“Stand out of my sunlight” is the well known answer. Priceless Greek wisdom!
At least it was.
For a modern Cypriot there is nothing as important as his Germanic tank of a car. To drive around in a Mercedes, BMW or Audi is essential for his mental wellness. We have an economic crisis and there are two striking visual results: empty shops and spotlessly clean German cars.
It is the funny side of the crisis. The Germans produce a secret service report about money laundering in Cyprus and based on this never published paper these admittedly clever people use us as a guinea pig for their new bail-in policy.
And what is our reaction? We spend our last ten euros to give the rolling symbols of German superiority a shiny new outfit. Sorry to say, but it must be said: the Germans are victorious. We have not only imported their glittering cars, we also adopted the related philosophy of protestant Calvinism. For a proper Calvinist everything has to be in good order and above all: clean!
Generalisations are always wrong, but let us try to get it right. Diogenes and the most important Cypriot, Zenon of Kition, were the founding fathers of Stoicism with its basic demand to live a simple life. But this timeless ethics remained a philosophy restricted to the Greek and later Roman upper class.
It became a mass movement when it turned into a religion based on the teaching of Jesus and his followers. Early Christianity was a philosophy of the poor for the poor. “And he lifted up his eyes on his disciples and said, Blessed be ye poor: for yours is the kingdom of God,” and “But woe unto you that are rich! for ye have received your consolation” (Luke 6, 20 and 24).
The emphasis of modesty changed when Christianity developed into an official state religion and its clerics became part of the ruling class. But there was no way round the basic message given by Jesus. Even as mighty institutions, the churches, drew their social legitimacy from their care for the poor and the needy. And throughout the centuries there has been an ongoing struggle to bring the hierarchy back to its humble roots.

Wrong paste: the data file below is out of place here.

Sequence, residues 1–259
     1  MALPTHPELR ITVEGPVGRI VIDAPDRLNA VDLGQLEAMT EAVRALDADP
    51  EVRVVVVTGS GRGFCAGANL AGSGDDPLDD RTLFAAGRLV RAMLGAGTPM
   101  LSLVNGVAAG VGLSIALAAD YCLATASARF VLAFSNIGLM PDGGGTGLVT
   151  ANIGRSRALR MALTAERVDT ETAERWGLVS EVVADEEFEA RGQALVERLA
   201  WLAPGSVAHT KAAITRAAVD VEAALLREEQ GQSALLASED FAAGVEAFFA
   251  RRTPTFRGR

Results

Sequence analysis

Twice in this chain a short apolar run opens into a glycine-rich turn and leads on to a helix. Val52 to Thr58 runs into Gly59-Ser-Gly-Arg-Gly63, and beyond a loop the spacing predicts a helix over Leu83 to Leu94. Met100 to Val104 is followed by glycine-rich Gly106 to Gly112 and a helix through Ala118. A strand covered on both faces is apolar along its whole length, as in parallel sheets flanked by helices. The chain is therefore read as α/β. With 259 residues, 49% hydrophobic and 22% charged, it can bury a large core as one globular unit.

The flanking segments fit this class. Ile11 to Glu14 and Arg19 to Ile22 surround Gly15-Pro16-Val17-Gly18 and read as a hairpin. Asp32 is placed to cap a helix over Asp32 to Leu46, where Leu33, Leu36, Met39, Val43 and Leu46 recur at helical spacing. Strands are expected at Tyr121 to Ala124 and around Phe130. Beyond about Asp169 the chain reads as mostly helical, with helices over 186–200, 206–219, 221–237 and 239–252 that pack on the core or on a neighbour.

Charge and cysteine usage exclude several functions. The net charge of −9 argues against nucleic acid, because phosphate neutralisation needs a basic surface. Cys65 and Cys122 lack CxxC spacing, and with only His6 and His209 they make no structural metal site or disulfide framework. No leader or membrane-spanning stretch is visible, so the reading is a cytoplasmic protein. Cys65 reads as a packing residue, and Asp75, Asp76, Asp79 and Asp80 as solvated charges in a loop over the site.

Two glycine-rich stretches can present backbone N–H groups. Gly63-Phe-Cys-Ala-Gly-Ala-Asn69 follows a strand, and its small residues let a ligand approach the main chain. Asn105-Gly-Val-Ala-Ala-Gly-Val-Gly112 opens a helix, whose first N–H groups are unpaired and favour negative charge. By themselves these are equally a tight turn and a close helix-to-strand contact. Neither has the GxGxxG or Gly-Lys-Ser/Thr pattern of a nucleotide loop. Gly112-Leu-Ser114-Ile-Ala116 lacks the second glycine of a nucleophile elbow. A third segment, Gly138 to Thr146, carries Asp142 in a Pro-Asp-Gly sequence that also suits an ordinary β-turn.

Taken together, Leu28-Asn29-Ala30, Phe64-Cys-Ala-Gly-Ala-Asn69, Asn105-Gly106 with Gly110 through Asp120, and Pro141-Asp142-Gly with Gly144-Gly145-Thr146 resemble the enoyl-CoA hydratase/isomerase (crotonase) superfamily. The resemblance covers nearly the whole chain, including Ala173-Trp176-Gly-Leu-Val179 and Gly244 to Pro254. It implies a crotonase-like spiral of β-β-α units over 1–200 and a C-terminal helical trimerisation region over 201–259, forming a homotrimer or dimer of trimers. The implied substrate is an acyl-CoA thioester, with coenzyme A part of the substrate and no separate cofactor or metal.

On an individual level, the Christian ideal was the proper balance between a ‘vita contemplativa’ and a ‘vita activa’ expressed in the fundamental rule of the Benedictine monks: “ora et labora – pray and work”. For centuries this order was the base of European work ethic; the contemplative part, the ‘ora’, the ‘sit and think,’ never lost its first place.
The balance changed fundamentally with the reformation in Northern Europe. The most radical version of Protestantism was developed by John Calvin. According to his approach heaven is ruled by an angry God and humans are evil. Only hard work can keep us away from the temptations which the devil, the most cunning of all trappers, has spread out. The church hierarchy was replaced by the community of the faithful and everybody had to demonstrate to fellow believers his hard work and his resistance to any kind of temptations, above all those of the flesh.